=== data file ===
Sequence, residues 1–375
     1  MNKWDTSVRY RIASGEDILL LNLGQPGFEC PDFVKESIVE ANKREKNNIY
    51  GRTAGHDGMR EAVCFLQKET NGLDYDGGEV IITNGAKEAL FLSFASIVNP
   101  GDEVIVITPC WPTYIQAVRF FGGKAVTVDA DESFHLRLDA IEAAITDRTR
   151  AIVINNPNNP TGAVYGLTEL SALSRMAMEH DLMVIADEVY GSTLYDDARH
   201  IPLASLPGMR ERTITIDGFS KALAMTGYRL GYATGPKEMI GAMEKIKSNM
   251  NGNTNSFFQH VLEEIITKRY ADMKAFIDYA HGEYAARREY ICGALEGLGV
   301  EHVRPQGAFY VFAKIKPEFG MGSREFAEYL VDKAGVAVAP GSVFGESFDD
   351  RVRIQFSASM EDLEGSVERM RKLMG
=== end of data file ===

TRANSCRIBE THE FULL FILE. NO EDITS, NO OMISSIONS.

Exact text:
Sequence, residues 1–375
     1  MNKWDTSVRY RIASGEDILL LNLGQPGFEC PDFVKESIVE ANKREKNNIY
    51  GRTAGHDGMR EAVCFLQKET NGLDYDGGEV IITNGAKEAL FLSFASIVNP
   101  GDEVIVITPC WPTYIQAVRF FGGKAVTVDA DESFHLRLDA IEAAITDRTR
   151  AIVINNPNNP TGAVYGLTEL SALSRMAMEH DLMVIADEVY GSTLYDDARH
   201  IPLASLPGMR ERTITIDGFS KALAMTGYRL GYATGPKEMI GAMEKIKSNM
   251  NGNTNSFFQH VLEEIITKRY ADMKAFIDYA HGEYAARREY ICGALEGLGV
   301  EHVRPQGAFY VFAKIKPEFG MGSREFAEYL VDKAGVAVAP GSVFGESFDD
   351  RVRIQFSASM EDLEGSVERM RKLMG